Sony Ericsson K700i: burning bright
It's the midrange flagship. How does it sail?
Reg Review Sony Ericsson's K700i is its new midrange flagship, the successor to the T68, the phone "which saved Ericsson". It's also the second non-smartphone I've used in recent months that I've been very reluctant to return. Despite one very serious flaw, Sony Ericsson users will be at home with this new model.
When Ericsson launched the T68 late in 2001 the handset division was in the middle of a shotgun wedding to Sony's phone business. Ericsson was generally thought to have lost the plot, with market share in free fall. Perception isn't necessarily true, but the company had hitched its brand to wide, blocky antennae just as external antennae were going out of style. (It's very rare indeed to find a phone, even a CDMA phone, with an external aerial these days). The T68 truly astonished the competition: here was a colour phone with an internal antenna, Bluetooth and GPRS, POP3 email, and terrific battery life. It was the first to be skinnable, too, with Ericsson publishing an open format that spawned thousands of home made themes. The T68i is still popular today, although given the breakneck pace of competition, the color screen soon looked washed-out, and speed and radio reception were never its strong points. (It was one of the first to introduce the Windows hourglass to phones). Still, only minor speed and cosmetic upgrades were necessary in successors such as the popular T610. And the K700 doesn't offer anything revolutionary either, although it's better in almost every department.
The K700i may sell itself on the basis of its screen alone, which is the sharpest we've seen in a phone of this class. Sony Ericsson's designers have taken advantage of the colour capabilities to showcase some pointless, but very attractive eye candy, such as icons which zoom when selected and animated wallpaper. (Yes, now you really can have phone that looks like there's a fly trapped inside it.) Theme designers are already taking advantage of this. Not all the applications make use of the 176x220 pin sharp screen, however. The Calendar could be a clear champion, but the grids used for day and week views are the same size as its predecessors, effectively wasting all that new screen real estate . That resolution is the same as Nokia's Series 60, although this is a much smaller screen than you'll find in the 6600, and the small size of the phone is again one of its selling points. And at 93g, so is the weight.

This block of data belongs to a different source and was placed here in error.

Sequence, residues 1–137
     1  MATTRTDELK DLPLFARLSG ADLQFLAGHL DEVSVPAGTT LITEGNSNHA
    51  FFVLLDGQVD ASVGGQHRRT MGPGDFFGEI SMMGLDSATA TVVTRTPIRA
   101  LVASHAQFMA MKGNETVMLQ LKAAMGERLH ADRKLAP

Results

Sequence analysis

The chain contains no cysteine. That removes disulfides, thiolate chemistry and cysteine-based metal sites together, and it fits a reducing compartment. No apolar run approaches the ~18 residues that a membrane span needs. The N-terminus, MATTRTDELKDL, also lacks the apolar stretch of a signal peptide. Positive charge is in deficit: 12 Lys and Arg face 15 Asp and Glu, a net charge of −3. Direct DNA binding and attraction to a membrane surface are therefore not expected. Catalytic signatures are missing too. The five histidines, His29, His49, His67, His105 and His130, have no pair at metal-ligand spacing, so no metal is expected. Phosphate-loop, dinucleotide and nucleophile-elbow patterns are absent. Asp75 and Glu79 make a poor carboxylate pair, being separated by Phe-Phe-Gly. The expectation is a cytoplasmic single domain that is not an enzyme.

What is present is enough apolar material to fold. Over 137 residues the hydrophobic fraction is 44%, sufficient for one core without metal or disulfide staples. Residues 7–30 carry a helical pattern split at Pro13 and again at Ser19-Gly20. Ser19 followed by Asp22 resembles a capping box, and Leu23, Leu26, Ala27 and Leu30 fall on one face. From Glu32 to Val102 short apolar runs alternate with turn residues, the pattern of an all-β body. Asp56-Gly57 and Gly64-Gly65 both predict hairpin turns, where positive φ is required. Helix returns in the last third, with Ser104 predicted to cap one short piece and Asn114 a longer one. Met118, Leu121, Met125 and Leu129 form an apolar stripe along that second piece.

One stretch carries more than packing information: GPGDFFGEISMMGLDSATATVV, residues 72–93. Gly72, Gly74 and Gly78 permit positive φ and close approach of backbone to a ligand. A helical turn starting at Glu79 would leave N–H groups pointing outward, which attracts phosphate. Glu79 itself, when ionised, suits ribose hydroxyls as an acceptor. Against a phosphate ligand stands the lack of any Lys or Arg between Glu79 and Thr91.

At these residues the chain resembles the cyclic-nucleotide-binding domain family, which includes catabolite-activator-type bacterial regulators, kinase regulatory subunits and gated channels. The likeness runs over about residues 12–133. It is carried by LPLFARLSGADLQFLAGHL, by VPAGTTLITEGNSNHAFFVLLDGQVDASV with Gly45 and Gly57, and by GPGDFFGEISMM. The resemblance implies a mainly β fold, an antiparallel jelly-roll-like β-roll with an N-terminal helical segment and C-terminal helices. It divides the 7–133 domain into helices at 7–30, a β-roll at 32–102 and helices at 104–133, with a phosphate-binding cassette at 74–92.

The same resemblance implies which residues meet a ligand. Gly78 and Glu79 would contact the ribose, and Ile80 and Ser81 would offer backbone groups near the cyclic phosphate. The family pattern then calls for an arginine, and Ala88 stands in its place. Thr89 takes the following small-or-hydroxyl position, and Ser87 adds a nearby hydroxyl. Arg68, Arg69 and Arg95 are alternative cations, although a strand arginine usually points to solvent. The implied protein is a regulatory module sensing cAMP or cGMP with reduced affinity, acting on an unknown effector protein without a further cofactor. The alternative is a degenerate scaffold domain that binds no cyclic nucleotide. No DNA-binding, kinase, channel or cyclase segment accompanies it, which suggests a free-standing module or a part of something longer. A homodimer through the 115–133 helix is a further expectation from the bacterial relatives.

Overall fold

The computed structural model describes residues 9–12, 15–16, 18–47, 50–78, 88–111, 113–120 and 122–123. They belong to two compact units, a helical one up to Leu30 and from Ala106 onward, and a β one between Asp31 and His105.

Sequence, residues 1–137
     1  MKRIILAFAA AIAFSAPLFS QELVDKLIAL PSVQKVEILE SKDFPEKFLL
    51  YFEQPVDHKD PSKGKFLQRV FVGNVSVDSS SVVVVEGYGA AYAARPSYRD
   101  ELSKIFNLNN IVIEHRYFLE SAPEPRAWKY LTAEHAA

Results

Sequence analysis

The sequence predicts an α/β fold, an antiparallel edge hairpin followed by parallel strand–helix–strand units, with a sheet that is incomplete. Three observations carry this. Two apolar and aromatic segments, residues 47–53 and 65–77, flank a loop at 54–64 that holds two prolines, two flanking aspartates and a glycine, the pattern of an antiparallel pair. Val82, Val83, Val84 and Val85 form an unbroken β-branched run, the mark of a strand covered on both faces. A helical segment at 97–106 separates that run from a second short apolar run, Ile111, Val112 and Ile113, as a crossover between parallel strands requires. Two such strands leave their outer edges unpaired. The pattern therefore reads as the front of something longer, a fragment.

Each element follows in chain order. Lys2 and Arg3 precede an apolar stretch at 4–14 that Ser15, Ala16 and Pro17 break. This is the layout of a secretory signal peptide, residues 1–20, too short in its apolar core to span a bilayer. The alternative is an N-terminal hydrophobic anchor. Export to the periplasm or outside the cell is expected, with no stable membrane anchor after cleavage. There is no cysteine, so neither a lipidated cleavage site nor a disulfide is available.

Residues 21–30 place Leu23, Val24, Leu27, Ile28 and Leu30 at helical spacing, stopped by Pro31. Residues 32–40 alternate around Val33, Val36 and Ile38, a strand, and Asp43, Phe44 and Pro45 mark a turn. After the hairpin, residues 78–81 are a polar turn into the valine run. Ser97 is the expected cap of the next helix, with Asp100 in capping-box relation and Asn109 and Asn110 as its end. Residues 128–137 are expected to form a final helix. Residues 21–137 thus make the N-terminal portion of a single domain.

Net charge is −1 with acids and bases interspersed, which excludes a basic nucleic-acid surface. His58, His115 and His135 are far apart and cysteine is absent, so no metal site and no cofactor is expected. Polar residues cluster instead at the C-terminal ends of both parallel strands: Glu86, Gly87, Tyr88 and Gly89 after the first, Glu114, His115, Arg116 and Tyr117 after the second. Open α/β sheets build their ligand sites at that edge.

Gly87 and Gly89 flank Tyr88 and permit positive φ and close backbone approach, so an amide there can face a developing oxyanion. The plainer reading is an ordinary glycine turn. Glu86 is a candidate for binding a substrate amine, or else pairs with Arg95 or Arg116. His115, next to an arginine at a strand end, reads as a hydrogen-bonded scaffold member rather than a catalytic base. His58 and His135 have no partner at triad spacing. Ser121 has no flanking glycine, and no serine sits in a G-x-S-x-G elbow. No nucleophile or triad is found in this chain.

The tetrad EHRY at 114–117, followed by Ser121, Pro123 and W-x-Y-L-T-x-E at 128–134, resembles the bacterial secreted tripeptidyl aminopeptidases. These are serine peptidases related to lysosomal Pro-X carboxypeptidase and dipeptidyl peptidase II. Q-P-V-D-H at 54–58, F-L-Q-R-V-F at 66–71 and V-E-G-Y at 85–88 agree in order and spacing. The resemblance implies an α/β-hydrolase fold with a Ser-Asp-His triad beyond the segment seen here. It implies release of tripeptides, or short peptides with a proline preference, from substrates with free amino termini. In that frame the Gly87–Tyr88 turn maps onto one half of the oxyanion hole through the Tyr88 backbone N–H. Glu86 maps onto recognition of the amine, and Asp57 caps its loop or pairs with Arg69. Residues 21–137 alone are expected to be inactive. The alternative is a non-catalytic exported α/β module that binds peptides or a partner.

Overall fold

The other selling point of the K700i is its lightening-fast access to WAP sites. Sony Ericsson has built-in Java, and much to our surprise we found we could access AT&T Wireless' home deck in less time than the T68 would take to open the address book. Without the dreaded wait, we did find going online to look something up, or browse the downloads, much more appealing. To the non-technical users it will appear to have blurred the boundary between what's "in the phone" and what's an online service, which is just as it should be, and carriers will be particularly pleased.
Another surprise was the quality and clarity of the built-in FM radio. This is now a fairly common sight on public transport in Europe, and your reviewer will very much miss this feature. All phones should have a radio: it's a proven media that works. The power consumption of the radio is almost negligible.
Radio reception marked another improvement over previous generations, although a little weaker than larger smartphones, which of course have larger internal antennae. US users on the AT&T and Cingular networks should note that they won't be able to take advantage of the vastly better reception on the 850Mhz band, and should wait for a K700 version that does.